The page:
The power of crowds

By | Science & Technology
Gillette stadium Foxborough, USA.Credit@flickruser:Joscarfas.jpg

New research verifies the power of crowds and the circumstances when this influence may occur. How social influence affects refereeing decisions has been further delineated. The team also propose suggestions on how fans and referees may benefit from this knowledge.

Football fans may intuitively sense a home team has an advantage, however what this advantage actually is may be beyond comprehension. If an individual has experienced being part of a large crowd it may be perceived how a game is influenced for the benefit of the larger set of supporters. The influence of crowd noise is well documented with previous research suggesting it may influence refereeing decisions. A frequent observation in some leagues is significantly fewer free kicks awarded to the home team, which has been tested experimentally in comparison to when decisions are made in silence. An explanation may be the referee wants to evade crowd animosity which might be directed at the referees.

The size of a crowd may also be a predictor of how a game may play out. Some studies have shown how the chance of a home team receiving a yellow card decreases as the crowd size increases, giving a significant advantage for clubs with big stadiums.

Aiming to clarify these previous discrepancies, a new study by Picazo-Tadeo and colleagues aimed to discover how the crowd influenced the decisions of a referee and what the main factors were in this. Looking at data between the 2002 and 2010, the team analysed free kicks awarded, the number of players booked and in what circumstances key decisions were made. The interaction of the two elements; free kicks and cards shown were considered contingent by the team, the hypothesis being the number of cards presented may be the factor influenced by the crowd. The key finding — and contrary to some previous research, — was when free kicks are awarded referees are more likely to award cards to away teams.

This research illuminate’s the cooperative effect of crowds, if a bias is absent initially in the awarding of a free kick, the crowd may influence a harsher discipline for the player committing the foul. In the data over the entire 8 seasons an insignificant difference was seen in the number of free kicks given to home or away teams, the inexistence of home bias occurs in this domain. The findings also support the idea of how larger crowds may have more influence over refereeing decisions, although a possible explanation is crowds in some nations may influence the referee differently.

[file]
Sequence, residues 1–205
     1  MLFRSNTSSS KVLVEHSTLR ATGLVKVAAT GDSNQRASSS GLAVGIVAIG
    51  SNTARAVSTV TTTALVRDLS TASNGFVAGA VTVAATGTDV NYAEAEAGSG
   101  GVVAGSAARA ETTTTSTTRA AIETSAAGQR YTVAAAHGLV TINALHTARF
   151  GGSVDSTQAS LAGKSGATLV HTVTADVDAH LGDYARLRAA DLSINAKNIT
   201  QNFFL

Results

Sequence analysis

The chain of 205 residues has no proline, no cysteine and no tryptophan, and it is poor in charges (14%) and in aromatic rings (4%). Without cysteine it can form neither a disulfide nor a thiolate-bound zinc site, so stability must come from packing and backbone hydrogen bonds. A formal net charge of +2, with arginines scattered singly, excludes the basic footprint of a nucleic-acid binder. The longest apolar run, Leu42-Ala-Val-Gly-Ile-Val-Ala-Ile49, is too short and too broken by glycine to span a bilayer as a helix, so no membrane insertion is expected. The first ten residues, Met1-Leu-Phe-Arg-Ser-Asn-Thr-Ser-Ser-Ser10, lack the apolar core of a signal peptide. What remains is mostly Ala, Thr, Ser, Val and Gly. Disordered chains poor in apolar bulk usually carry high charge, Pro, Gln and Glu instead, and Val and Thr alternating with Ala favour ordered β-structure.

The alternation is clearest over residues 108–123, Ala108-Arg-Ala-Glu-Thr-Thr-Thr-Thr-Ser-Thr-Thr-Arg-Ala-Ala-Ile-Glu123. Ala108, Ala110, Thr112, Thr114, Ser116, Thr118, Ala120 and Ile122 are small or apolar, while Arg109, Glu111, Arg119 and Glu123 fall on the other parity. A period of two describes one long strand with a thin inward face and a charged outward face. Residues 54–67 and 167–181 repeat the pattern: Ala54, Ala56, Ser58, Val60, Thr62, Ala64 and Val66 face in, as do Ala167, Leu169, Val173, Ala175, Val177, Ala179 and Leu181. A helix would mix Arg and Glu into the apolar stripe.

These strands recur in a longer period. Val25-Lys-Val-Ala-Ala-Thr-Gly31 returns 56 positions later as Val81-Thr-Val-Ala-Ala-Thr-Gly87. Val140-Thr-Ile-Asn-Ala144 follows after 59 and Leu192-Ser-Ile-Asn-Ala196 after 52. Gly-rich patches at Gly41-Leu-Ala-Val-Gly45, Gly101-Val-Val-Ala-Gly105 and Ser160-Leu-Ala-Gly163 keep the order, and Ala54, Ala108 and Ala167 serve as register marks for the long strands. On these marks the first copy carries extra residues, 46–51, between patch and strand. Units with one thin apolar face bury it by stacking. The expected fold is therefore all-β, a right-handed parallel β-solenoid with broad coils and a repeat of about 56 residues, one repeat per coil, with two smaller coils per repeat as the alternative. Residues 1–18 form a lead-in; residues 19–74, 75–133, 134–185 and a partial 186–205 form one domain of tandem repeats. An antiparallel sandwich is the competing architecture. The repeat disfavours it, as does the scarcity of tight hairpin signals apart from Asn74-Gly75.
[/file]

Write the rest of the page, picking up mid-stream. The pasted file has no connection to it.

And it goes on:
How the crowd veritably influences these specific decisions has additionally been a focus of research. Many approaches are enacted by a crowd which may influence a referee including intimidating the referee and accentuating new information. Another practical explanation is referees make decisions automatically and when time is taken to deliberate in this period, the official may then be influenced by the crowd. The referee may associate the severity of a foul with the noise and reaction of the crowd, thereby unintentionally favouring a home team.

The team have suggestions for fans and referees in how to approach a game. Fans may be advised to overemphasis noise and reactions after a foul when an important period for the referee making a decision exists and social influence may have greater productivity. For referees an understanding of how crowds may influence the decisions made may be a wise choice if the individual aims to be more accurate in decision making. The training of referees might focus on educating on how automatic judgments have increased accuracy statistically, learning how deliberating may lead to bias and how acquiring knowledge of multiple cues may be possible. Moreover, gaining alternative skills to avert the undesired influence of players, coaches or fans may also be advisable for professional referees.

How may an individual supersede the influence of social demand and develop accurate and original responses?


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